UPDATE 1-Deep freeze persists in U.S. Midwest; winter wheat at risk
CHICAGO Jan 28 (Reuters) - The U.S. farm belt remained locked in a deep freeze on Tuesday, with sub-zero (Fahrenheit) temperatures hampering grain movement and likely damaging portions of the region's dormant winter wheat crop.
The latest arctic outbreak has slowed barges on the Mississippi and Illinois rivers, major arteries for supplying corn, soybeans and wheat to exporters at the U.S. Gulf.
"The biggest transportation issue in the grain business, recently, with this cold has been that the Illinois River is frozen. That stops a whole bunch of traffic," said Hal Reed, chief operating officer for The Andersons Inc, a U.S. grain handler and ethanol producer.
The U.S. Coast Guard has restricted traffic to one-way only along a 15-mile stretch of the river near Peoria, Illinois, because ice buildup has narrowed the shipping channel. Also, the Army Corps of Engineers has restricted the width of barge tows passing through some locks.
Gulf Coast exporters were offering a premium for soybean barges loaded this week along the largely ice-free lower Ohio River and on the Mississippi south of Cairo, Illinois.
Along with the river issues, the cold blast has caused localized shortages and price spikes for natural gas, the fuel used to power many ethanol plants and other grain processors.
Reed said the Andersons' four ethanol plants, located in Iowa, Indiana, Ohio and Michigan, have all been affected by shortages of natural gas. The plants have avoided shutting down, but have had to run at reduced rates or at a higher cost for brief periods.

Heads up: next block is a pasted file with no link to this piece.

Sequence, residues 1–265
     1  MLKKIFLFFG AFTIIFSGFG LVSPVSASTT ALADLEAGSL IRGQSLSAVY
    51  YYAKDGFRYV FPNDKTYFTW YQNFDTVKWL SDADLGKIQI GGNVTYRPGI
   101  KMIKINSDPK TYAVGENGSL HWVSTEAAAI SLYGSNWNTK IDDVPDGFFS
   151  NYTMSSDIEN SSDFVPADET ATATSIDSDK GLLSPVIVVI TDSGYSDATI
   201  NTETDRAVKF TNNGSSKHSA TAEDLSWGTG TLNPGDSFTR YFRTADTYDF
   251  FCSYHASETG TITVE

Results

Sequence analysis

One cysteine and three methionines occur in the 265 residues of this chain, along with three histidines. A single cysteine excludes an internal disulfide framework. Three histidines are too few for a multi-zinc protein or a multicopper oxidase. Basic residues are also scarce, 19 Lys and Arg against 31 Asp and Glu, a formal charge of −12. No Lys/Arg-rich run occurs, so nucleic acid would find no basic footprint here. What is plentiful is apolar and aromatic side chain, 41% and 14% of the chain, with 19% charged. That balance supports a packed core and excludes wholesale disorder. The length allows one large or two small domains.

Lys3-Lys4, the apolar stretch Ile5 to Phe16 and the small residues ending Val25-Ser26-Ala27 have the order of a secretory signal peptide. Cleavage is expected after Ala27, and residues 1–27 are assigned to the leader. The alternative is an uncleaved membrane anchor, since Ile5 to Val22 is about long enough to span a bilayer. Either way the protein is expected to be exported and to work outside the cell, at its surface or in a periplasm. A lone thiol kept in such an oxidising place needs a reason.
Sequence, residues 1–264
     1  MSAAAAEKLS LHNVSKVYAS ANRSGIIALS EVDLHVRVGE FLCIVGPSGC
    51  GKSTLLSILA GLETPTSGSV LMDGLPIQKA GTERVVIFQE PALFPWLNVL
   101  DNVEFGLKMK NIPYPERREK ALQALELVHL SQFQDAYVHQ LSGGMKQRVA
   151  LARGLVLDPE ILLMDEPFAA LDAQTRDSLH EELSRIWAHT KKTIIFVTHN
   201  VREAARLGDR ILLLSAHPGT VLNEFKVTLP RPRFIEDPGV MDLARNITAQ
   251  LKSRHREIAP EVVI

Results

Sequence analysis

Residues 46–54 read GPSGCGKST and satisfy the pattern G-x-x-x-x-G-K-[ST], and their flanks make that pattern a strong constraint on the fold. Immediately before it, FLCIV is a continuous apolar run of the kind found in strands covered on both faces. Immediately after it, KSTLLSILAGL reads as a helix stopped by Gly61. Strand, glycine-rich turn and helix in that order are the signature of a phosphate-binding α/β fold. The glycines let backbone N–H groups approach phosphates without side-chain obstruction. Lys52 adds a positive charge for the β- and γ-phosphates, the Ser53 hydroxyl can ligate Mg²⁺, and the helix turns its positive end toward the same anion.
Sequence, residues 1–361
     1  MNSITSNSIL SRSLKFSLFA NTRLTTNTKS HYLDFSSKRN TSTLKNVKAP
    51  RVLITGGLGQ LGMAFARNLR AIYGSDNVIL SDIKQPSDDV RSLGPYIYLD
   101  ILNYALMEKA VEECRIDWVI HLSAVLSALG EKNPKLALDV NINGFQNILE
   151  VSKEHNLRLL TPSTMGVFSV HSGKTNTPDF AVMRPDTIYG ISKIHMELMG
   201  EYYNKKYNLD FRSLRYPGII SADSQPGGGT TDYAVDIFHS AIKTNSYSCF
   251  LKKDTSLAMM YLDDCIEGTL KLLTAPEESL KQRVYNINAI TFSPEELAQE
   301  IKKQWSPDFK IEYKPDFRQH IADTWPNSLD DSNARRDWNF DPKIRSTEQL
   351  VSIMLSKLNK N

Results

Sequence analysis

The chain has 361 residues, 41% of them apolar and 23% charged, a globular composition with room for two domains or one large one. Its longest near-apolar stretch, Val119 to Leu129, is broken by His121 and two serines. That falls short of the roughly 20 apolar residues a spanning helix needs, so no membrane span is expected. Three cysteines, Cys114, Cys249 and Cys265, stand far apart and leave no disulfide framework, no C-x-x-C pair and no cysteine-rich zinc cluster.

"The whole ethanol industry has probably experienced that, just like the whole corn processing and soybean processing industry has experienced it," Reed said.
WINTER WHEAT DAMAGED
Temperatures dropped to about minus 5 degrees Fahrenheit (minus 20.5 Celsius) overnight in the southern Midwest, areas where winter wheat crops lack a protective layer of snow cover.
"There is definitely some winterkill in central Illinois, and a little bit in west-central Indiana, northern Missouri and east-central portions of Nebraska," said Don Keeney, a meteorologist with MDA Weather Services.
"It's not huge amounts of damage. I'm saying less than 10 percent of the belt," Keeney said.
Another private weather service, the Commodity Weather Group, reported "limited winterkill damage" in nearly 5 percent of the Plains and Midwest wheat belts, with the hardest-hit areas in central South Dakota, northeast Missouri and central Illinois.
Temperatures are expected to rise to 29 F (minus 2 C) in Chicago by Thursday, Keeney said.
A series of storm fronts Thursday through Saturday should bring snow to northern Illinois, Wisconsin and Michigan, as well as Iowa and northern Missouri, providing insulation to crops in those areas. But the precipitation will likely miss central Illinois and southwest Indiana.
Another push of cold air follows, expected to send temperatures in Chicago to about 2 F (minus 17 C) on Sunday, Keeney said.
"We are going to continue to see these cold surges out of the northwest over the next 15 days," he said.
Forecasting models showed storms crossing the southern Plains and Midwest toward the middle of next week that should bring snow to central Missouri and southern Illinois, followed by yet another cold spell.
Farther west, next week's storm should bring much-needed moisture to the southern Plains' hard red winter wheat belt, including snow in Kansas and a mix of snow, ice and rain in Oklahoma and Texas.
"Across Kansas, we should see a decent improvement in moisture, even down into Oklahoma and Texas," Keeney said.
- Tesla says in talks with BMW over car batteries, parts
- Exclusive: China ready to cut rates again on fears of deflation - sources
- Actor Dwight Henry eyed in New Orleans killing after arrest for theft
- China building South China Sea island big enough for airstrip: report
- Suicide bomber kills 45 at volleyball match in Afghanistan
We are living longer but not creating financial plans to keep pace. Advisers give tips on how to make sure you don’t outlive your money. Video